Yes, it is in your lease ( if not its a crappy one) under that area of resident/tenant neglect.For the most part your then gonna get billed for those damages becuase it was your neglect ( failure to give a copy of the key to management) that caused the majority of the issue.



As to enter your unit "at will"

I cant talk for other states. But here a maintenance tech can enter your unit at "will" if written notice is given 24 hours in advance. They can also enter your unit with out notice in the above scenario. One way to make sure there is no "unwanted" entry is to put it in WRITTEN form.

for example-



management,

I marksmatter, in unit 310A, request that no employee of xyz management or its subcontractors enter my leased unit with out my written or verbal authorization prior to repair work or 24 hours written notice is given by management for unit inspection/repair work.If you need to contact me please do so at 234-223-2233 thank you.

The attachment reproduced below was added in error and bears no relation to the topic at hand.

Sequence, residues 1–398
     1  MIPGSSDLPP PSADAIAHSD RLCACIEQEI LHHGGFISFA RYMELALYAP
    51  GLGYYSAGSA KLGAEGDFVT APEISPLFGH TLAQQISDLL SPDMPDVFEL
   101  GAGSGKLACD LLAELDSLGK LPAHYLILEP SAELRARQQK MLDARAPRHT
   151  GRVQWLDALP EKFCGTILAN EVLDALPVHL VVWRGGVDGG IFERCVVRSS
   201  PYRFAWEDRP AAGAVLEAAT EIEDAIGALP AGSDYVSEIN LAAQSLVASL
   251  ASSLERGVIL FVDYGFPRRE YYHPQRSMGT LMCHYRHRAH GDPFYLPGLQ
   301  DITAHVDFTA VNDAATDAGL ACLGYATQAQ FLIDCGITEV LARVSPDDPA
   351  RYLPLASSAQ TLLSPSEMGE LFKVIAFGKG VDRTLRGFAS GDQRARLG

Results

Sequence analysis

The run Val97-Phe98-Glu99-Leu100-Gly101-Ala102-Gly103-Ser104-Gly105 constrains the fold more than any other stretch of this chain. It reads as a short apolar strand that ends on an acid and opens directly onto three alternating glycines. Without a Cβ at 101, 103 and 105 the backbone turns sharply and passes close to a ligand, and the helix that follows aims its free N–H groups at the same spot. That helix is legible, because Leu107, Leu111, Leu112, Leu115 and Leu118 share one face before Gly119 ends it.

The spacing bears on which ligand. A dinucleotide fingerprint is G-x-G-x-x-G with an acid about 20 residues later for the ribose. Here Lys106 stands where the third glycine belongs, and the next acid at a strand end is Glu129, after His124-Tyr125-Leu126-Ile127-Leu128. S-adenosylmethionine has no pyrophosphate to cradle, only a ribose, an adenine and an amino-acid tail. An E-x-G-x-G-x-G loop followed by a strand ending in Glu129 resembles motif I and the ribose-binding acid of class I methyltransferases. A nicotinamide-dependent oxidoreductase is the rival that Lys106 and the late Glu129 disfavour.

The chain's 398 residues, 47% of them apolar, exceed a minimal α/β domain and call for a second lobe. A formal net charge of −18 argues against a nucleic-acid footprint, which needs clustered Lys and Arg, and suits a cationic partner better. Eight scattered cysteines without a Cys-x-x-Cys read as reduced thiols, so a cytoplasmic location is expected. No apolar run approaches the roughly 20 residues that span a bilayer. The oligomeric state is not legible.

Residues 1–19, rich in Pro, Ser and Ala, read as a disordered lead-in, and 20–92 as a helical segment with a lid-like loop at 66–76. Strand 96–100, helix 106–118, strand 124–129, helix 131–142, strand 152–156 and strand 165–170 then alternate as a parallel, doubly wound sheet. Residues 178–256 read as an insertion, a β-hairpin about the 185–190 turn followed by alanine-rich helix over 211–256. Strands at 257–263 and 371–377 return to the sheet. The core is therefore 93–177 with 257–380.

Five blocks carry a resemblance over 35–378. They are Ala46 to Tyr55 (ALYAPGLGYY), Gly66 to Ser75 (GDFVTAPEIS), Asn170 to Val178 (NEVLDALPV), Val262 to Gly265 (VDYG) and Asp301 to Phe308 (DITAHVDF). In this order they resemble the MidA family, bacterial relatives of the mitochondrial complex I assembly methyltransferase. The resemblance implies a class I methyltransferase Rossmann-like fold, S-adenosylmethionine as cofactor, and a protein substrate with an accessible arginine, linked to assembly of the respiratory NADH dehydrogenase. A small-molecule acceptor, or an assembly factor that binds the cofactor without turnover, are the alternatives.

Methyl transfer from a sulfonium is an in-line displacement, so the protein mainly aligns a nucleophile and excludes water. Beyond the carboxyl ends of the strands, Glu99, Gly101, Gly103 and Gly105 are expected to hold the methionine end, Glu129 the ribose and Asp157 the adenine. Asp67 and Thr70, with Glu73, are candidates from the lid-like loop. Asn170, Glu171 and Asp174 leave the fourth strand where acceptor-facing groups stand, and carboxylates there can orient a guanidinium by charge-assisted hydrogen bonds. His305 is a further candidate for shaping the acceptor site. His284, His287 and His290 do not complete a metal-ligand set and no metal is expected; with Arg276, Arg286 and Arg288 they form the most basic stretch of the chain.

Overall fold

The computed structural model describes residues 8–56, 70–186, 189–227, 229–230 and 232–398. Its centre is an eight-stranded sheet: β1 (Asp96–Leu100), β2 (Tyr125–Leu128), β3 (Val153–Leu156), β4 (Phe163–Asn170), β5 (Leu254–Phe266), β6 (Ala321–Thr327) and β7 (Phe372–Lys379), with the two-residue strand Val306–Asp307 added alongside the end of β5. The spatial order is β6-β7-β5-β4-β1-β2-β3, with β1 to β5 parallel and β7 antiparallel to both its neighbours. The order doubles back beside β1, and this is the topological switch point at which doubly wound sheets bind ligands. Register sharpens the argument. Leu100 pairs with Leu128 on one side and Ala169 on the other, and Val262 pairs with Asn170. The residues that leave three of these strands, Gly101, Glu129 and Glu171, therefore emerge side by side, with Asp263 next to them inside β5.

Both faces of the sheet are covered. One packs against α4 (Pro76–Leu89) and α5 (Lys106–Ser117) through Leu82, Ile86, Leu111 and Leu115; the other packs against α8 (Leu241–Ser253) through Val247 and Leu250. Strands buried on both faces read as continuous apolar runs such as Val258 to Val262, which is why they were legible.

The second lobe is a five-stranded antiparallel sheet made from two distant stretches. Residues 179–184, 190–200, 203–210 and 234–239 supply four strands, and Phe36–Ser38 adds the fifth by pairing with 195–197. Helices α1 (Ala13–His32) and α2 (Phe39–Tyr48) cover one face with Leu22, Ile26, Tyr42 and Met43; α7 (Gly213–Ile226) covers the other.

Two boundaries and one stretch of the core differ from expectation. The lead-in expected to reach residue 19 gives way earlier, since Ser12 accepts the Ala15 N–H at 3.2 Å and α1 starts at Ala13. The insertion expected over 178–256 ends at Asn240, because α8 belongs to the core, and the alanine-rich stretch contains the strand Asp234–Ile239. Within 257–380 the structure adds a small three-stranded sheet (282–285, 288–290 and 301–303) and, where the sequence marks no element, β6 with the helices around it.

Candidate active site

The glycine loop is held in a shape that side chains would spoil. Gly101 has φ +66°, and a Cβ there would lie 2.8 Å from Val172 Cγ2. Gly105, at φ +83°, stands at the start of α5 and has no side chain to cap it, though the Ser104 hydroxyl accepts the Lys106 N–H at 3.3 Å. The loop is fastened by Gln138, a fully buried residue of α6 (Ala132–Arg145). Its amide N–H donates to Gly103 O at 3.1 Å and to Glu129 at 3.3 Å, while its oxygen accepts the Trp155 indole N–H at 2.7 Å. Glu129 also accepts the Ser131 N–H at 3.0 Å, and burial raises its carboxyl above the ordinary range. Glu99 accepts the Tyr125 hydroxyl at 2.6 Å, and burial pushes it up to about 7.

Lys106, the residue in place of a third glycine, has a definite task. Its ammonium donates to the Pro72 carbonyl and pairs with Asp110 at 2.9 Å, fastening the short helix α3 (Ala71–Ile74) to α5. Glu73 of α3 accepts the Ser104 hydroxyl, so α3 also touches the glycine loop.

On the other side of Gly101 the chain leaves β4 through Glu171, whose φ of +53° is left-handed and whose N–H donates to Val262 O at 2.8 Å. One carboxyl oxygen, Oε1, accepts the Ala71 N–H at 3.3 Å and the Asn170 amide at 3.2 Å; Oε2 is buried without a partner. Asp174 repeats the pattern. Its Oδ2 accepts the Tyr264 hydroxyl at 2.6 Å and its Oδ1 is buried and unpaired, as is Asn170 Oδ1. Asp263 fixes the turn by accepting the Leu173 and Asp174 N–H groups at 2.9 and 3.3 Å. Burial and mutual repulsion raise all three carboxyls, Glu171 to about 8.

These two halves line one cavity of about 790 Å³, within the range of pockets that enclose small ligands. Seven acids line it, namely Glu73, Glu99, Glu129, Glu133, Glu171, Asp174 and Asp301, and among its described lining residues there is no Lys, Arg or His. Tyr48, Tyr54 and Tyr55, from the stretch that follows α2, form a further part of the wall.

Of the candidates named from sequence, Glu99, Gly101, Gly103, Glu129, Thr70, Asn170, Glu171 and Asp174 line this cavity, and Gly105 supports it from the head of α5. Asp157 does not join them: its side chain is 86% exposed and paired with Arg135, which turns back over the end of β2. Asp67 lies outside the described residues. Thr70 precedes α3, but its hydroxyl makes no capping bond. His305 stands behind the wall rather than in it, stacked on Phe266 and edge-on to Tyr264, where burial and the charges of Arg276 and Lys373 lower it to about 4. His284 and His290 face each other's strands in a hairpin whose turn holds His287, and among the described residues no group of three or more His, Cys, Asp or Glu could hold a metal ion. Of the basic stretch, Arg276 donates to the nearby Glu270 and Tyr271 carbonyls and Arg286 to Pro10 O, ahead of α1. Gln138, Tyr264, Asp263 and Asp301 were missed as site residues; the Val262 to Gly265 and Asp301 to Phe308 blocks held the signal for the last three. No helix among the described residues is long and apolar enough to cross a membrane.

MM



It is then documented,it will not stop them if they need to gain entry, but it is now on record in case their ever is an issue.



You may also ask them about how they secure and store the apartments keys. IMHO unless it is an electronic/safe locked system similar to a " key trak" system i would make sure that the above letter is handed DIRECTLY to the complexes manager and placed in your file.



I will agree with you that some people in this industry are way below "standard". Most however are not. Some of us have more "mad skillz" then the electrician you'll hire to fix replace a faulty breaker,or the plumber you gotta get to remove the clog from your drain. Not just in experience but in certifications and trade skill based education. For me to do my job i have to recive xxx amount of CEC's each year, let me know when the "mad skillz" guy from roto rooter has to do that